Baptism of Desire and Theological Principles by Fr. Cekada
(12-31-2011, 01:37 PM)SouthpawLink Wrote:
(12-31-2011, 12:33 PM)Stubborn Wrote:
(12-31-2011, 07:40 AM)SouthpawLink Wrote: Stubborn,
I would like to go back to your admittance that BoD can avail one of sanctifying grace and justification.  The Church teaches that sanctifying grace "makes the just man a child of God and gives him a claim to the inheritance of Heaven" (Ott, FCD, p. 258.).  Both Ott and Tanquerey (BSTD, vol. II, p. 124) denote this doctrine as being de fide.

Do you deny that an unbaptized man, but who nevertheless desires it with perfect charity and who is thus justified and in sanctifying grace, has a claim to the inheritance of Heaven?

I am saying that Trent never confirms salvation to one who is unbaptized. PLEASE show me where I am wrong.


(12-31-2011, 07:40 AM)SouthpawLink Wrote: If so, then you should be consistent and deny that BoD can make a man just.  But in doing that, you'll necessarily contradict Pope St. Pius V, who taught that catechumens and mortal sinners could have perfect charity, be just, have the remission of sins and not be guilty of eternal damnation.

I implore you to pay special attention to error #3: http://sspx.org/miscellaneous/feeneyism/...eyites.htm

The section on Thomistic Theology is also quite important.

That BOD *can* make a man Just is not in question - never was because Trent infallibly declares that to be true.  The thing you are not admitting is that per Trent or any other Council, salvation is not rewarded via BOD - why can't BOD supporters admit that when it is only obvious?

Can you not admit that were Trent to reward one who is unbaptized salvation that they would then contradict the words of Our Lord? Even Our Lord does not say one who is unbaptized goes to hell - only that unless they are baptized, that "he cannot enter into the kingdom of God".

For the life of me I can hardly comprehend how folks continue to defend what TRENT DID NOT SAY.

I fail to understand how the magisterial acts of Trent are the only ones that matter.  Just because it didn't define or teach more explicitly about BoD does not prevent later Pontiffs or councils from doing so.  We ought not to read Trent in a vacuum, which is what you appear to do.  You disregard the teaching of Popes St. Pius V and Bl. Pius IX in favor of your own private interpretation of Trent, which is contrary to a nearly unanimous consent of theologians, both before and after that council.  How is it that you and you alone know better than centuries' worth of Catholic theological experts (whose works were approved by Rome and which taught countless seminarians), who taught in Pontifical universities?  Let's not forget the sainted Pontiffs and Doctors you contradict.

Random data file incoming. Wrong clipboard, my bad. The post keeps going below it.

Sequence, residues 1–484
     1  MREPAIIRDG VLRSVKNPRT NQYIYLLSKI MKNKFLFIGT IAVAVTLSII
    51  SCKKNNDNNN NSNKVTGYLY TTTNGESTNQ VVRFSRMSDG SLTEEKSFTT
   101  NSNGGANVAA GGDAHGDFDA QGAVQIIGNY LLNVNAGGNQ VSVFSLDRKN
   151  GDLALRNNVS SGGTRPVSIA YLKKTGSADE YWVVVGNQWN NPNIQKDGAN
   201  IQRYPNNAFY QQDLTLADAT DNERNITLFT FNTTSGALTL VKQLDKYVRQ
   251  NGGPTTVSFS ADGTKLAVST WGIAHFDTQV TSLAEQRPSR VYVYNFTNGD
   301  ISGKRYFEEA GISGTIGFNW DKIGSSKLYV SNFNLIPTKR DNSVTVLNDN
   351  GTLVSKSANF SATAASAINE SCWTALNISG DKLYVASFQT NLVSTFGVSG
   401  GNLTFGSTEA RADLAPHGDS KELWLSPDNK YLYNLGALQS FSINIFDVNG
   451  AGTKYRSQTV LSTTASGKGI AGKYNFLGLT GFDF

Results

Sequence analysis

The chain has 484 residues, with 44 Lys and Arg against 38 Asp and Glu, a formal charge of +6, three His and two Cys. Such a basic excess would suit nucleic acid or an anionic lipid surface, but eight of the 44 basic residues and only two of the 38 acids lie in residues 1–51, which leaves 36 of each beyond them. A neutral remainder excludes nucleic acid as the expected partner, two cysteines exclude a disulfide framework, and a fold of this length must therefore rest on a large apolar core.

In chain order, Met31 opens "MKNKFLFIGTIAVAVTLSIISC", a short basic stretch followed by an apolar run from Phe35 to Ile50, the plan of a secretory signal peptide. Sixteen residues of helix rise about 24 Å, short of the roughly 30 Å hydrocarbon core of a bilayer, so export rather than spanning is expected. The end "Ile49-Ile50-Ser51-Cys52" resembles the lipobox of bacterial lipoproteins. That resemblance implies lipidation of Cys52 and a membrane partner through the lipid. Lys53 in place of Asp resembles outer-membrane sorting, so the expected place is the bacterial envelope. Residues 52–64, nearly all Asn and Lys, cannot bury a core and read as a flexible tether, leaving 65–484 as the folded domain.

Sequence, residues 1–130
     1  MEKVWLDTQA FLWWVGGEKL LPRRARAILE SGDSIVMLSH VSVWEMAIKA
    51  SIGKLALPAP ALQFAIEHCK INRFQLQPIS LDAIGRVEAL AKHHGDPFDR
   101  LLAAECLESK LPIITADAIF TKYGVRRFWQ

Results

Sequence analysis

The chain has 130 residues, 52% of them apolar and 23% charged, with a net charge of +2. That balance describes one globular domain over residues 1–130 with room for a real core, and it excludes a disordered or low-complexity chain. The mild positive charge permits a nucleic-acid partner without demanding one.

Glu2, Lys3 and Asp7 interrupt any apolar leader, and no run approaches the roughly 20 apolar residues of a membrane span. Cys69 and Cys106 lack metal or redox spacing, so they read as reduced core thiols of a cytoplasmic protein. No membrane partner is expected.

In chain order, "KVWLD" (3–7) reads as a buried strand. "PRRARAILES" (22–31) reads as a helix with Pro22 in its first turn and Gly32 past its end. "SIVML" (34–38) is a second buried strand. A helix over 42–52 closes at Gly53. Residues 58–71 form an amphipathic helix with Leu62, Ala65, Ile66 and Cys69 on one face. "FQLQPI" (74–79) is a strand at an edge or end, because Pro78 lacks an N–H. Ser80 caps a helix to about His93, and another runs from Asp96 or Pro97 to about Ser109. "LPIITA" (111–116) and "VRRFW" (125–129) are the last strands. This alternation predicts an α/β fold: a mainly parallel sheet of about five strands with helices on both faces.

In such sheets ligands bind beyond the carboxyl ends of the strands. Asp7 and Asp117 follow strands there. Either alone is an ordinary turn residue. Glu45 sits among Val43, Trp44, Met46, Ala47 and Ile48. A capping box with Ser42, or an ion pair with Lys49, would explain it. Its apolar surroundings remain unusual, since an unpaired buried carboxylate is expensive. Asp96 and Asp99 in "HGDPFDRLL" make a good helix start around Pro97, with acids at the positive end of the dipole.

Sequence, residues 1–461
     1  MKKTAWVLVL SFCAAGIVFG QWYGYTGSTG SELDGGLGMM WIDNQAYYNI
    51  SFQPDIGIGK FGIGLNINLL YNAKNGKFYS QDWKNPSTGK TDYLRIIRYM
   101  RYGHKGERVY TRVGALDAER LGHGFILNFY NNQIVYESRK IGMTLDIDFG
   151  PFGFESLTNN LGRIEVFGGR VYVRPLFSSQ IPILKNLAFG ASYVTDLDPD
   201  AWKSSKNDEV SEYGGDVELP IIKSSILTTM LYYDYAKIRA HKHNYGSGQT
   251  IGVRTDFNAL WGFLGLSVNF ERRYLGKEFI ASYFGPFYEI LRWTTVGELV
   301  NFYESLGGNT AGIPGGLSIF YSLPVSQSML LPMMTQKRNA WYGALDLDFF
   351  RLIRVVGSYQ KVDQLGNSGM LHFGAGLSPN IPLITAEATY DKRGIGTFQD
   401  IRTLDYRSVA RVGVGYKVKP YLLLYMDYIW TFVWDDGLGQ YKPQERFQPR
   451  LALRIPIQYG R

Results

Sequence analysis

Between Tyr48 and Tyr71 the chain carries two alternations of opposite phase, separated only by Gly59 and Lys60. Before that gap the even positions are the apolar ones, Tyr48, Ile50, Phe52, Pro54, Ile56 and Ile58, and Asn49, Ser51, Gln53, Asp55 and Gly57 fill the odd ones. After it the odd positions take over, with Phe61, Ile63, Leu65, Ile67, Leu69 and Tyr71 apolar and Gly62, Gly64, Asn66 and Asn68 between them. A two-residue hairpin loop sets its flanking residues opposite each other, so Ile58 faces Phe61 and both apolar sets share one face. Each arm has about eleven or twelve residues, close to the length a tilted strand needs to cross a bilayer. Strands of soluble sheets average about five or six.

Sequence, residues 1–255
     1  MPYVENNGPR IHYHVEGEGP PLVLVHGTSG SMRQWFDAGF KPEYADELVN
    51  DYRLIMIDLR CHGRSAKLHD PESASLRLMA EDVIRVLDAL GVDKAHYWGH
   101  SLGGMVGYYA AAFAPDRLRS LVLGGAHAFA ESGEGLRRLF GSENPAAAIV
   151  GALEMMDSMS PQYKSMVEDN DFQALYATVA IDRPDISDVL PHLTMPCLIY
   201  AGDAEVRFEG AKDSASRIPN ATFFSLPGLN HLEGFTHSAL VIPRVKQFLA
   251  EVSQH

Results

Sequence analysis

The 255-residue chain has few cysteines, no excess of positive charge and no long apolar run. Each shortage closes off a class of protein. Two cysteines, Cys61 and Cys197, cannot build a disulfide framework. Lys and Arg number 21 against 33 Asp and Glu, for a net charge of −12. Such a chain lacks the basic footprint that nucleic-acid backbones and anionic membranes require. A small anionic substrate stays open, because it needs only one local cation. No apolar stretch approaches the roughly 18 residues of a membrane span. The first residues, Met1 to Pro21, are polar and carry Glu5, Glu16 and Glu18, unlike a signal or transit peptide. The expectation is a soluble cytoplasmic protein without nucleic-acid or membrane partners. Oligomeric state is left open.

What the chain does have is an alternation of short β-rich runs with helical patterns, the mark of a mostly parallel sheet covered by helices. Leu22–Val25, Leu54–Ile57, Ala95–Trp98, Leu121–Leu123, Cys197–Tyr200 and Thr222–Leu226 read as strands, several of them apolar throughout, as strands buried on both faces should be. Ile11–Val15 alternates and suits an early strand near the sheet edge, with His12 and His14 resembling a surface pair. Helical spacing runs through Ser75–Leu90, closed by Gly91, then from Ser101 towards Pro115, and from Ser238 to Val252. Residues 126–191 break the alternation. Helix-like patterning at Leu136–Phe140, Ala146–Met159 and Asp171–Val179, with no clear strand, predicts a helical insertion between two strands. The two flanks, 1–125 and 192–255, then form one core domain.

I never said Trent was the only one that mattered - feel free to post anything from any Council that contradicts Trent in support of BOD.
I am saying that Trent never teaches anything whatsoever about BOD - not that it didn't teach it more explicitly.

Trent teaches about Baptism, it teaches of the necessity of water, it's main ingredient. This teaching agrees with Scripture.

You BOD supporters keep siting OM teaching which contradicts infallible teaching - which one is to be believed?

I've already pointed out where the catechism as well as the council NEVER rewards salvation to anyone unbaptized - never implies salvation to one who is unbaptized - so who is doing the misinterpreting here - it is you, the ones who claim one can be saved without the Sacrament of baptism.

No one has shown me where I am wrong - all you all keep saying is NOT what the Councils teach, which contradict Trent, then you say I am misinterpreting the teachings - - - do any of you comprehend what you read?

How about answering what I asked already? . . . . . . . .

(12-31-2011, 05:32 AM)Stubborn Wrote:
(12-30-2011, 10:56 AM)SouthpawLink Wrote: To answer your question more directly, the sacraments of Baptism and Penance can be desired:

"If anyone shall say that the sacraments of the New Law are not necessary for salvation, but are superfluous, and that, although all are not necessary for every individual, without them or without the desire of them..." (Sess. VII, can. iv: Denz. 847).  See also Denz. 796 and 898.

You said above: "the sacraments of Baptism and Penance can be desired"........... Read what the canon says *first*, "If anyone shall say that the sacraments of the New Law are not necessary for salvation, but are superfluous"......

Does what you just say agree with Trent - or did you just say the Sacrament is superfluous?

Again, Trent is defining the Sacraments, *not* the desire for them.



(12-31-2011, 01:37 PM)SouthpawLink Wrote: "The obligation by which Catholic teachers and writers are absolutely bound is restricted to those matters only which are proposed by the infallible judgment of the Church, to be believed by all as dogmas of faith" -- Condemned (Pope Pius IX, Syllabus of Errors, 22).

This aptly describes your attitude towards the teaching of the Magisterium.

Finally, there are quite a few verses where our Lord promises salvation to those who love Him (cf. Matt. X; John XIV).  Scriptorium has already discussed absolute and relative necessity, but it does not appear that you have addressed that long-held distinction used by Catholic theologians.

I agree with Pius IX - he does not mention what we are supposed to do when Catholic teachers and writers teach contrary to defined dogma.

NOW ANSWER THE QUESTION I ASKED ABOVE PLEASE.

Does what you just say agree with Trent - or did you just say the Sacrament is superfluous?
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Re: Baptism of Desire and Theological Principles by Fr. Cekada - by Stubborn - 12-31-2011, 02:56 PM



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